Martial Arts Leaders Use Their Art to Strengthen the Community

When Daniel Hammond gets ready to break bricks, he sees more than the pile in front of him. Careful to ensure the bricks don’t slip on the ground, he arranges three around a towel on the floor. Hammond raises his hand and breathes in, envisioning the brick broken into rubble. Hammond then smashes his hand through the brick on top, breaking it in half.

Using a bow staff, Sifu Dan Hammond gives a demonstration with the help of one of his students, Alice Smith, 71. Smith says she is a cancer survivor, and she says martial arts helped to save her life. -- Photo by Lena Budd

Hammond was one of three professional instructors to demonstrate martial arts at the Beauchamp Library at a event held last month. The demonstration was not just a martial arts demonstration, though, for the kids and parents who crowded around. Hammond said brick- breaking takes focus and concentration, and is a measure of a person’s inner power.

“It takes 22 pounds of pressure to break a brick but only six to 16 to break a bone,” Hammond said.

According to Master James Brown, the organizer of the event, the martial-arts gathering was held to suggest an alternative to crime for kids.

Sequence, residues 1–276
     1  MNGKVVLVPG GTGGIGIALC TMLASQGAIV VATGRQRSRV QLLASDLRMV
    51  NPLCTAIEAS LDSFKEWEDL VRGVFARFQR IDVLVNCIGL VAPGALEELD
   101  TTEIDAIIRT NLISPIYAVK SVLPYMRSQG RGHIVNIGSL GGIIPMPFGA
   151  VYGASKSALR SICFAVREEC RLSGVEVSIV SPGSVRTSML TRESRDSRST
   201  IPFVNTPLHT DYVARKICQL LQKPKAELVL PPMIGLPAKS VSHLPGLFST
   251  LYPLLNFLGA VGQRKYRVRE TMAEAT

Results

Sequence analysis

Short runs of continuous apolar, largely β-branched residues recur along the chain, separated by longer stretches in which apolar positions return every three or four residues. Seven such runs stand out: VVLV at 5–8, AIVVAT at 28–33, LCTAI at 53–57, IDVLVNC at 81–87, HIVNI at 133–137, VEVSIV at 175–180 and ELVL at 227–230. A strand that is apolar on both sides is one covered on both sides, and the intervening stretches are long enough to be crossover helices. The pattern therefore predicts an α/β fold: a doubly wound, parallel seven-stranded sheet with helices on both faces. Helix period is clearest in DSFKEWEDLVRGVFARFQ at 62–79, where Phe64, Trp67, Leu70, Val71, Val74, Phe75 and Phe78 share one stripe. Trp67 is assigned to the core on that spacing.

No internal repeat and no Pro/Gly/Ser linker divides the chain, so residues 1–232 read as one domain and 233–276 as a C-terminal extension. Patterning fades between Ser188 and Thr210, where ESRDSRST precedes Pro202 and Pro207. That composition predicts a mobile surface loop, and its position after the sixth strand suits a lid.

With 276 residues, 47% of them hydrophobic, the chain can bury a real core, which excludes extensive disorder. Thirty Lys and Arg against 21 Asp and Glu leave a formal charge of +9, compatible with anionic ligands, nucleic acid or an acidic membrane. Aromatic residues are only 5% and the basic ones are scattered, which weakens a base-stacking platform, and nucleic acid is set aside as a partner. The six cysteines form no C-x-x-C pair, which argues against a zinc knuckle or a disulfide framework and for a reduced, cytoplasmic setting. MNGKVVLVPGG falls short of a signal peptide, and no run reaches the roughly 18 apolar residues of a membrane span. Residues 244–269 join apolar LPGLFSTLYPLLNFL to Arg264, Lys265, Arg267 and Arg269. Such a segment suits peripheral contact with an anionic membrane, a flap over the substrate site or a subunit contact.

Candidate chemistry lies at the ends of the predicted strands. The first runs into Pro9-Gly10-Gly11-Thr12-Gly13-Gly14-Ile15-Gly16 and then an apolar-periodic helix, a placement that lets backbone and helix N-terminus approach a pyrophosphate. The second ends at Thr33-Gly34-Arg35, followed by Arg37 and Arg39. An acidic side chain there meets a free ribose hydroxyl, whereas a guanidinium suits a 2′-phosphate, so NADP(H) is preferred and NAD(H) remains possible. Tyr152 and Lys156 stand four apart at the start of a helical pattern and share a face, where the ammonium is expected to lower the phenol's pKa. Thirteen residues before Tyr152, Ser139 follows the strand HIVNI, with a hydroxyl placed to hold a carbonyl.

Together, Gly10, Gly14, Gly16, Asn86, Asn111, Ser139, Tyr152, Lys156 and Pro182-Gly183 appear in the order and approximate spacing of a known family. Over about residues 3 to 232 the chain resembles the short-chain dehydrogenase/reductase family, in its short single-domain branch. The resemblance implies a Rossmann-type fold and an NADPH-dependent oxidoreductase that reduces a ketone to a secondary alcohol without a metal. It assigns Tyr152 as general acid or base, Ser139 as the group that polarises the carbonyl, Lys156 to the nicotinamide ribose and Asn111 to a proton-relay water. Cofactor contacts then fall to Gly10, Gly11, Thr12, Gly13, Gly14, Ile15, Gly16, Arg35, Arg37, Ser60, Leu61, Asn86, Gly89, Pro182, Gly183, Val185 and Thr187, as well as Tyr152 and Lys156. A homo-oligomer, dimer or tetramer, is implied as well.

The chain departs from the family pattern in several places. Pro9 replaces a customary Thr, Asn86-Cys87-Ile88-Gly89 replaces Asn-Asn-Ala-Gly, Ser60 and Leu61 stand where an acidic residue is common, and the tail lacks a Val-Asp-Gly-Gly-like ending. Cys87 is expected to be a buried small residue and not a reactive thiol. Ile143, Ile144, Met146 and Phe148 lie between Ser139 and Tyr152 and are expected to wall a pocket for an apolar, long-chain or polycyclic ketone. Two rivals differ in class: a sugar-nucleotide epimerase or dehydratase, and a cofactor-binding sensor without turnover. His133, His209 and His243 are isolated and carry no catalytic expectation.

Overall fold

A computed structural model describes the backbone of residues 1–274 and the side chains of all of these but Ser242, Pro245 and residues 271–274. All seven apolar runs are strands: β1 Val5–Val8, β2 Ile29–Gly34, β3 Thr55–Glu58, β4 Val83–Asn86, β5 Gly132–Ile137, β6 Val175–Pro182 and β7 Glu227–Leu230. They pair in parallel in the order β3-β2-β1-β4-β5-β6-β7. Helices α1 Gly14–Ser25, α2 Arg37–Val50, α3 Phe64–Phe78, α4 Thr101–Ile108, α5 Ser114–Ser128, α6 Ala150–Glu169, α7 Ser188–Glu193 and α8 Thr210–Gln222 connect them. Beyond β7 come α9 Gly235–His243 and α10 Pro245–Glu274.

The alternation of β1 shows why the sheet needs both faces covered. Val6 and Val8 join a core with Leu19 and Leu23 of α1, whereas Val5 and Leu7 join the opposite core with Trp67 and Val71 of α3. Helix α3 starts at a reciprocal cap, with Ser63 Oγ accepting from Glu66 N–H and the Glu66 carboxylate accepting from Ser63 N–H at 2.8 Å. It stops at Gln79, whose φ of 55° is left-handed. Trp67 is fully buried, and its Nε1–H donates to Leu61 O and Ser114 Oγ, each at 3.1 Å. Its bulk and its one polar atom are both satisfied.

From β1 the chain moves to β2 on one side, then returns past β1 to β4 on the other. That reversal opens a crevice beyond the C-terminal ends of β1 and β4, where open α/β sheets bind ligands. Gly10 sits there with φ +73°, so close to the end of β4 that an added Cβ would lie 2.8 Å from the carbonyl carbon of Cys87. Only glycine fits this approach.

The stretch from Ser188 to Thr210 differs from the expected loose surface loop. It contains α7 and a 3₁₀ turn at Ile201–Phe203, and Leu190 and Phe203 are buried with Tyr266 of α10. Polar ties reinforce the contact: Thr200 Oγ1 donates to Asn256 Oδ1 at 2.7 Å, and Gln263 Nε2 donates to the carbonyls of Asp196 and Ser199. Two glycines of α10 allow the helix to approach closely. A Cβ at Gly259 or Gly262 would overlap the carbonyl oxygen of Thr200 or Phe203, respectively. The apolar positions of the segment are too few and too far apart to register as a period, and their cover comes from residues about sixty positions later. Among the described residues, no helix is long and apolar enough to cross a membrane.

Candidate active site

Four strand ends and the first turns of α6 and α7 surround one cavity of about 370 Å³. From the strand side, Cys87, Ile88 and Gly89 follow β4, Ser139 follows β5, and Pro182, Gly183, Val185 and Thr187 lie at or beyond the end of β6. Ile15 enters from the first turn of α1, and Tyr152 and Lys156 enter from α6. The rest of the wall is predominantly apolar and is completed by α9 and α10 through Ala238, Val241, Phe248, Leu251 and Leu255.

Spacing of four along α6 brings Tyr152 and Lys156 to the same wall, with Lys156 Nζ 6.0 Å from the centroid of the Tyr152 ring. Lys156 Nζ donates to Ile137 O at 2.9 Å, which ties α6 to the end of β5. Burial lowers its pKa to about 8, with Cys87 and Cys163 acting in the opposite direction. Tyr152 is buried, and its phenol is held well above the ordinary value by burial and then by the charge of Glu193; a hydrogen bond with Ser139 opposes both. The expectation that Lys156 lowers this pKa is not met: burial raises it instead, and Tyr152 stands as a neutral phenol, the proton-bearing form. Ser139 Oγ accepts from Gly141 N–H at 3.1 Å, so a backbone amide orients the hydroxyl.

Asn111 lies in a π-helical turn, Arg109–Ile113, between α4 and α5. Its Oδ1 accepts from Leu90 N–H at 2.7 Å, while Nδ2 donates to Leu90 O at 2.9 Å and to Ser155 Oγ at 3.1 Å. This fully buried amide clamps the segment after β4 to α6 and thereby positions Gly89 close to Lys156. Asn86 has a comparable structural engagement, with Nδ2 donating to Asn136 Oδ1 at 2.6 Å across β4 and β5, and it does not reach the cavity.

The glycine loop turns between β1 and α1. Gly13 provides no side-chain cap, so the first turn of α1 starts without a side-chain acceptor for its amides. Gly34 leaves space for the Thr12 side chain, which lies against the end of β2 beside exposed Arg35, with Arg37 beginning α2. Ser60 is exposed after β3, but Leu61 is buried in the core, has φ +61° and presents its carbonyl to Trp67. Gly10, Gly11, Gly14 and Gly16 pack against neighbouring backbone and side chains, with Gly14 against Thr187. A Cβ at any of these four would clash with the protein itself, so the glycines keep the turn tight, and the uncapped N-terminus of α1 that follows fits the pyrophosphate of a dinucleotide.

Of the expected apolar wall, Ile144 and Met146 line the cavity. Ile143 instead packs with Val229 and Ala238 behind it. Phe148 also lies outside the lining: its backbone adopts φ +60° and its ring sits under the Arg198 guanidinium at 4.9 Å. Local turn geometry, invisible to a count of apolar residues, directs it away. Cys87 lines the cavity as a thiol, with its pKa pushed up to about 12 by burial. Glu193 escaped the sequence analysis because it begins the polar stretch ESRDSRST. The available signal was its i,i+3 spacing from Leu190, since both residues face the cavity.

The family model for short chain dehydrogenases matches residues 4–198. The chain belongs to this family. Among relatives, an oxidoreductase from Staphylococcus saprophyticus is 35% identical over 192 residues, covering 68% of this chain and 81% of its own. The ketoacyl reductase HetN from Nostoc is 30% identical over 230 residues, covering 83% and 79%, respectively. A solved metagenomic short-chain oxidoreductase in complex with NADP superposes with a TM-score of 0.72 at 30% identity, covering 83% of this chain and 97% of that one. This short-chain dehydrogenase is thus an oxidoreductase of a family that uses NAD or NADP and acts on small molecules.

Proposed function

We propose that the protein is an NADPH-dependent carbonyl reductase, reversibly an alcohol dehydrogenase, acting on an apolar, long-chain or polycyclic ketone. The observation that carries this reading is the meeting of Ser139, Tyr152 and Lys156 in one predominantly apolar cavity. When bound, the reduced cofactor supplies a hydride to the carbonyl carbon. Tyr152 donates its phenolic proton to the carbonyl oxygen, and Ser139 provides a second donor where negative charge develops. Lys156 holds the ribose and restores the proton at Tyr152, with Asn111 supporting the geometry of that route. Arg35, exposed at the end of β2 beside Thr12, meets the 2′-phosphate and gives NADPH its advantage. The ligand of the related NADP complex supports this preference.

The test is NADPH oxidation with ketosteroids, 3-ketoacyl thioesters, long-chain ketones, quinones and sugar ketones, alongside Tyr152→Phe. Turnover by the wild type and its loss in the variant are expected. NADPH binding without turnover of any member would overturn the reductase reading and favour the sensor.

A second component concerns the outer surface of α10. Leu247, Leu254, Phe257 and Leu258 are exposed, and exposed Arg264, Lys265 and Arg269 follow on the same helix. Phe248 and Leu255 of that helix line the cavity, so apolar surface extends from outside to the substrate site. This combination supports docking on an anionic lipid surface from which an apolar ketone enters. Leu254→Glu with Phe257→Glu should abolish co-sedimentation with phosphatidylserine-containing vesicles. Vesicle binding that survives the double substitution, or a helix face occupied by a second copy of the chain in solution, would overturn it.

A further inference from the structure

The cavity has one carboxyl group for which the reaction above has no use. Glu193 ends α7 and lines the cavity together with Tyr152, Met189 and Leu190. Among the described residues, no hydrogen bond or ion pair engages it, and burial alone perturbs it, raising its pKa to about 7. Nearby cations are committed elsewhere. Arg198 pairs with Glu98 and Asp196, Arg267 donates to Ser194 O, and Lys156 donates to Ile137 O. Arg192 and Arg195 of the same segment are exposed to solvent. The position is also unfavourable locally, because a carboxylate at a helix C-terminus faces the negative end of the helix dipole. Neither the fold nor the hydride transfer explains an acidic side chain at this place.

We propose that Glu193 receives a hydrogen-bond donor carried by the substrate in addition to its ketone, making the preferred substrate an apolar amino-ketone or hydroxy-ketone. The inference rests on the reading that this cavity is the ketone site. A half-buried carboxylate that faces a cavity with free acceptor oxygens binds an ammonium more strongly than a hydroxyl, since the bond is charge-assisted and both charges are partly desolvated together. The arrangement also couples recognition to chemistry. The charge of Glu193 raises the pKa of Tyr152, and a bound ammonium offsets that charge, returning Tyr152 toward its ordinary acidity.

Naseem Fielder, 13, and Bishop Sims, 12, practice karate at Beauchamp Library on Feb. 23. They say karate helps them deal with bullies. It teaches them how to defend themselves and how to walk away. -- Photo by Lena Budd

“It gives them a sense of character,” Brown said. “We have to do a lot more if we’re going to capture the mind of the youth. We have to get them before the streets get them.”

Naseem Fielder, a 13-year-old martial arts student and demonstrator at the event, said he used to get bullied at school. Now an orange belt in Ninjutsu, Fielder said if he is being hassled, he is able to protect himself.

“I use to get mad and out of control, I didn’t know how to stop it,” Fielder said. “Now I know what to do.”

When asked by an adult in the audience what kids should do when confronted with drugs, Hammond said to keep it simple.

“Just say no,” Hammond said.

Hammond said he knows about drugs firsthand. He said one of his students had a child with his daughter; Hammond made the young man promise not to use drugs, but Hammond said he believes that promise was broken. The man killed his child — Hammond’s grandchild — and Hammond believes he was under the influence of the drug known as “water” — a marijuana cigarette that’s been dipped in embalming fluid and then laced with PCP.

To help the youth of Syracuse avoid crime and live a life of prosperity, Hammond said he advises kids to keep training, have confidence, and keep their minds from wandering.

 

Sifu Dan Hammond learned how to break bricks at the age of 9. He says that in breaking bricks, concentration and discipline are as important as strength. -- Photo by Lena Budd